Monday, 19 October 2015

BOOK REVIEW: Shop Girl by Mary Portas


Mary Portas is famed for transforming Harvey Nichols into the fashion force that it is today as the creative director, hosting television shows Mary the Queen of Shops and, more recently, Mary Portas: Secret Shopper and writing a column for The Telegraph. Now, Portas is unveiling a difficult upbringing that led to her love of fashion and art in her latest book Shop Girl, A Memoir.

Shop Girl, A Memoir has a certain characterising rhythm to it, as we are given access to the soundtrack of Portas’ youth. It stretches from her first love, Marc Bolan, to the infamous Ziggy Stardust and the moment Blondie tore into the music scene. It also expresses Portas’ anger and frustration at Making Your Mind Up topping the charts, while she was listening to Spandau Ballet and Simple Minds. The moment Portas realised it was perfectly okay to cry at work was following the death of John Lennon, where colleagues shared memories over wine in a candle lit studio – crying.

The expectation of what women should be and how they should behave is littered through the book. This starts with Portas as a young girl, envying her brothers as they took up their positions as alter-boys in church, a place where women had a very little role. The traditional family that Portas grew up in, comprised of a stay-at-home mother and a father who was responsible for bringing in the money, had very little space for affection. Also, the expectation of Portas to assume the same role as her mother came around a lot earlier than expected with her mother’s untimely death. The picture painted of life in the Newton household as a place of unity, cluttered with children and home-baking makes the silence brought by her mother’s death even more destroying.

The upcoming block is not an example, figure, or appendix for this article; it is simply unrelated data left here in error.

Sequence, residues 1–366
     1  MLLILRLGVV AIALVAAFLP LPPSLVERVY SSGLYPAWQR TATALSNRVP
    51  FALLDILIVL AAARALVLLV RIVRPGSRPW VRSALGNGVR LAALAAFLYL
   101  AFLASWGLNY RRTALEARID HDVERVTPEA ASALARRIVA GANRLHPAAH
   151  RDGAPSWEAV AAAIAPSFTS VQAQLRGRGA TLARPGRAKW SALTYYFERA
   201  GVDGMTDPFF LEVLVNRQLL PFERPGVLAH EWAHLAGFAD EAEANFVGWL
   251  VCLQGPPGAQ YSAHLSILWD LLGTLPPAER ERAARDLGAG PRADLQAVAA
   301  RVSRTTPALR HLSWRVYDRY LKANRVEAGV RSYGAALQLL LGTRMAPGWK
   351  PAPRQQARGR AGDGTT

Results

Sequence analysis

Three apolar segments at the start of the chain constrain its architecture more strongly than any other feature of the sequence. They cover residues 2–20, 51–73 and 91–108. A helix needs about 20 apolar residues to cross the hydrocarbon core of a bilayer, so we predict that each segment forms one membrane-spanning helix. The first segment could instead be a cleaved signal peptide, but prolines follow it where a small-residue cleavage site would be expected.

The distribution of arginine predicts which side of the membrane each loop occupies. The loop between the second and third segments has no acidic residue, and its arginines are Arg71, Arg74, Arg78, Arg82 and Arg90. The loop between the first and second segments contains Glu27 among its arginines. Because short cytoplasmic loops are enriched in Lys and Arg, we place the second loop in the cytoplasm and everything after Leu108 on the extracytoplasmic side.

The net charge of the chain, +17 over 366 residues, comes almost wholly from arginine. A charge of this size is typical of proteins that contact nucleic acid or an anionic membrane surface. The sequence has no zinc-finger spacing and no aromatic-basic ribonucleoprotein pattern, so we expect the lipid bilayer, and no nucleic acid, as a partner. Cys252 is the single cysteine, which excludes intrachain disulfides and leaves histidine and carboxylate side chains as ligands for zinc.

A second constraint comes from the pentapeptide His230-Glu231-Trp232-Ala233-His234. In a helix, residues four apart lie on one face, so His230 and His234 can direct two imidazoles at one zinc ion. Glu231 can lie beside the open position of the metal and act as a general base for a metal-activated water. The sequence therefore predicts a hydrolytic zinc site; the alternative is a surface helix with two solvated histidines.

No matter what age you grew up in, Portas’ accounts of her childhood can resonate with all of us. It’s the fear of a maths teacher picking on you to recite your times tables that you still haven’t learned and the envy you have towards your sibling that gets the rollerblades you’ve always wanted. It’s the naivety of being a child, when not getting the right ribbons in your hair for school is the closest you can come to hating your mother.

Over everything else, it’s Portas’ growing love for art and fashion that is the most fascinating element of the book. Portas turned down a place at RADA to study drama. However, this is the perfect example of everything happening for a reason. This saw her go to a local college and pursue window dressing, which would lead her to the fame she has today. The book takes us on her journey of understanding the power of fashion.

“It’s not just what they wear. It’s the way their clothes are used to express something that I don’t fully understand. It’s the first time I’ve realised clothes can say something about you, tell the world what you want to know.”

Shop Girl: A Memoir is a light, engaging read which details the struggles and triumphs of Mary Portas’ life, especially those that led her to become the woman we know her as today.

Reviewed as part of Durham Book Festival Reviewers in Residence Programme. 

Monday, 28 September 2015

Ruby Wax: Sane New World Review


Sane New World
Ruby Wax
Durham Gala Theatre
Saturday 12th September 2015


Having thoroughly enjoyed Ruby Wax’s book Sane New World, to say I was looking forward to her show of the same name would be an understatement. What I saw, however, was a witty and intellectual show that was laced with cheap mental illness jokes that made me want to scream.

Wax graduated from Oxford University with a masters degree in cognitive based mindfulness and there is no doubt that she is a very intelligent women. She explained the role of hormones in the development of mental illness with ease, but it was her knowledge and experience with mindfulness that exceeded it. Mindfulness opens up the opportunity to stop your internal monologue running your life – it gives you a time out. However, Wax explained that “you don’t get a six-pack with one sit-up”. It is the daily practice of mindfulness that brings mental peace. She conducted a mindfulness exercise with the entire theatre and, from what I overheard at the interval, the audience were sold on the concept.

The comedian proposed that we are all in a plague of business and that there is too much of an expectation to always be busy. Even if busy just means managing to go to multiple exercise classes and coffee dates in a day, we must be busy. “What is the point in being able to kiss your own ass in each direction?” Maybe the point is to prove we can achieve more and more as we strive to be better.